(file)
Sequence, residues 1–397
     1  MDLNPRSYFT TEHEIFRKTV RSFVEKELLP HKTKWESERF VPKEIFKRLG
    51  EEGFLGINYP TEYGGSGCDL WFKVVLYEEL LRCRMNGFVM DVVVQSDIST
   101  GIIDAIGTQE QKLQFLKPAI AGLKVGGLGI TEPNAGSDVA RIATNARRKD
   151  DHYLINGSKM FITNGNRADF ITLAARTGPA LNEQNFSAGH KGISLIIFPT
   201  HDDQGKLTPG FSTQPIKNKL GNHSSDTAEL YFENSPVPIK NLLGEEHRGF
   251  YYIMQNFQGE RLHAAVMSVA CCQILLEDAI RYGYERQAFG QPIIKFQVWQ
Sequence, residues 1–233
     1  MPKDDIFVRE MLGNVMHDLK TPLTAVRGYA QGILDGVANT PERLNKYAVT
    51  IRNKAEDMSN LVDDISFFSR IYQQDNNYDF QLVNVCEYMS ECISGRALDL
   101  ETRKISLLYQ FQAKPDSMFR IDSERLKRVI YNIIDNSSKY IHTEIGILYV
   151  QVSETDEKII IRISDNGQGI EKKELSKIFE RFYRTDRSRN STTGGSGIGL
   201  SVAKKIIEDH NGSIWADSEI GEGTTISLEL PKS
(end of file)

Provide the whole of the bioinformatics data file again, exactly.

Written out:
Sequence, residues 1–397
     1  MDLNPRSYFT TEHEIFRKTV RSFVEKELLP HKTKWESERF VPKEIFKRLG
    51  EEGFLGINYP TEYGGSGCDL WFKVVLYEEL LRCRMNGFVM DVVVQSDIST
   101  GIIDAIGTQE QKLQFLKPAI AGLKVGGLGI TEPNAGSDVA RIATNARRKD
   151  DHYLINGSKM FITNGNRADF ITLAARTGPA LNEQNFSAGH KGISLIIFPT
   201  HDDQGKLTPG FSTQPIKNKL GNHSSDTAEL YFENSPVPIK NLLGEEHRGF
   251  YYIMQNFQGE RLHAAVMSVA CCQILLEDAI RYGYERQAFG QPIIKFQVWQ
Sequence, residues 1–233
     1  MPKDDIFVRE MLGNVMHDLK TPLTAVRGYA QGILDGVANT PERLNKYAVT
    51  IRNKAEDMSN LVDDISFFSR IYQQDNNYDF QLVNVCEYMS ECISGRALDL
   101  ETRKISLLYQ FQAKPDSMFR IDSERLKRVI YNIIDNSSKY IHTEIGILYV
   151  QVSETDEKII IRISDNGQGI EKKELSKIFE RFYRTDRSRN STTGGSGIGL
   201  SVAKKIIEDH NGSIWADSEI GEGTTISLEL PKS